11. Blue Lake in Nelson Lakes National Park has the clearest freshwater in the world, according to a 2011 study by the National Institute of Water and Atmospheric Research. Horizontal visibility can reach up to 80m.
(Source: National Institute of Water and Atmospheric Research)

Nelson Lakes National Park has the clearest freshwater in the world

12. Another of our favourite interesting facts about New Zealand is that it’s home to the longest place name in the world. Welcome to Taumatawhakatangihangakoauauotamateapokaiwhenuakitanatahu.
(Source: The Guardian)

13. In 1893, New Zealand was the first country to give women the right to vote.
(Source: Britannica)

14. New Zealand is home to the world’s steepest residential street. Baldwin Street in Dunedin has a gradient of 35% and is home to the annual Jaffa race in which 75,000 chocolate balls are rolled down the hill.
(Source: BBC, The Guardian)

Baldwin Street is the world’s steepest residential street

15. In 1988, AJ Hackett created the first commercial bungy jump on Kawarau Bridge in Queenstown. The entrepreneur was inspired by the cultural ‘bungy jumps’ performed with tree vines in Vanuatu.
(Source: AJ Hackett)

16. Wellington is the southernmost capital city in the world. Its northernmost counterpart is Reykjavik in Iceland.
(Source: Te Ara Encyclopedia, BBC)

17. Star Trek: First Contact provides one of many examples where New Zealand has been left off the map. The NZ Herald has covered the worst offenders and there is a whole subreddit dedicated to this.
(Source: Movie Mistakes)

18. Famous New Zealanders include Sir Edmund Hillary, the first person to summit Mount Everest and Baron Ernest Rutherford, the first person to split the atom.
(Source: Britannica 1, 2)

New Zealand’s volcanic White Island

19. New Zealand is part of the Pacific Ring of Fire, a seismic belt defined by frequent earthquakes and volcanic activity.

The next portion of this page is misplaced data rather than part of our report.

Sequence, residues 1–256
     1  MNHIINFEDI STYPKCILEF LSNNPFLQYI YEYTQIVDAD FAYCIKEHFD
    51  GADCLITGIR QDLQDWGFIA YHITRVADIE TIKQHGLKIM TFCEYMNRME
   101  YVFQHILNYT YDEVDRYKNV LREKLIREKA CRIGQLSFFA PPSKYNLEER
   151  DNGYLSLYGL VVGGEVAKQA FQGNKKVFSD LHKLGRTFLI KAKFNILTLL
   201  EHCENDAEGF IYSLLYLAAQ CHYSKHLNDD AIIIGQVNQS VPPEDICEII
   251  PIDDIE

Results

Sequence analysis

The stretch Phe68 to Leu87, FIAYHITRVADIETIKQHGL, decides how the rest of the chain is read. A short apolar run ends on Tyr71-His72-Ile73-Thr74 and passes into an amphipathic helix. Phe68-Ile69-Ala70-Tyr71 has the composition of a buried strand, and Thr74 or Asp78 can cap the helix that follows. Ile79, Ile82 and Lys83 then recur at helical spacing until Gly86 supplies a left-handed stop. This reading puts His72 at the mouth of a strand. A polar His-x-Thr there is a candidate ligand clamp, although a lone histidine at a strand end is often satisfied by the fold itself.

(Source: Britannica)

20. New Zealand won the first ever Rugby World Cup, held in 1987. The mighty All Blacks have since won it twice more – in 2011 and 2015 – making New Zealand the most successful rugby-playing nation.
(Source: Te Ara Encyclopedia)

21. According to some sources, New Zealander Richard Pearse flew an aircraft for 1km on March 31, 1903, months before the famous Wright Brothers made their first flight in America.
(Source: BBC)

22. New Zealand has more than 10,000 protected areas, covering around 32% of its total land area.
(Source: Te Ara Encyclopedia)

Protected versus non-protected landGoogle Maps

Protected versus non-protected land

23. Mount Taranaki, also known as Mount Edgmont, sits in the centre of Egmont National Park which surrounds it in a circle. On the map, one can clearly see the difference between intensively farmed dairy pasture on one side of the boundary and the deep green of old-growth forest on the other.
(Source: Google Maps)

24. New Zealand is one of few countries with two national anthems: God Save the Queen and God Defend New Zealand.
(Source: Britannica)


Lonely Planet New Zealand is a comprehensive guide to New Zealand, ideal for those who want to both explore the top sights and take the road less travelled.

Lead Image: Atlas & Boots